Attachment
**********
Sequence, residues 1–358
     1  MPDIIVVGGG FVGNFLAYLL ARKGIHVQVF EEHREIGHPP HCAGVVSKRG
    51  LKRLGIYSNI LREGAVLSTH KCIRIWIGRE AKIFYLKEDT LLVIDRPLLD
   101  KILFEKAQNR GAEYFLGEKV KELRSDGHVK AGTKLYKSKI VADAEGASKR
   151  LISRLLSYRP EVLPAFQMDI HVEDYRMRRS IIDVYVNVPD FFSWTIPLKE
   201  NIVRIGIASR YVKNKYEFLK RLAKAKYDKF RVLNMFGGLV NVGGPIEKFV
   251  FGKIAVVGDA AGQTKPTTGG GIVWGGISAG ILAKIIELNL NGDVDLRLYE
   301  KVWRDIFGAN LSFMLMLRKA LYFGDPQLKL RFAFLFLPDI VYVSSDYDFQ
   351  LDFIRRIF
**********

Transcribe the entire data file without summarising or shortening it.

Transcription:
Sequence, residues 1–358
     1  MPDIIVVGGG FVGNFLAYLL ARKGIHVQVF EEHREIGHPP HCAGVVSKRG
    51  LKRLGIYSNI LREGAVLSTH KCIRIWIGRE AKIFYLKEDT LLVIDRPLLD
   101  KILFEKAQNR GAEYFLGEKV KELRSDGHVK AGTKLYKSKI VADAEGASKR
   151  LISRLLSYRP EVLPAFQMDI HVEDYRMRRS IIDVYVNVPD FFSWTIPLKE
   201  NIVRIGIASR YVKNKYEFLK RLAKAKYDKF RVLNMFGGLV NVGGPIEKFV
   251  FGKIAVVGDA AGQTKPTTGG GIVWGGISAG ILAKIIELNL NGDVDLRLYE
   301  KVWRDIFGAN LSFMLMLRKA LYFGDPQLKL RFAFLFLPDI VYVSSDYDFQ
   351  LDFIRRIF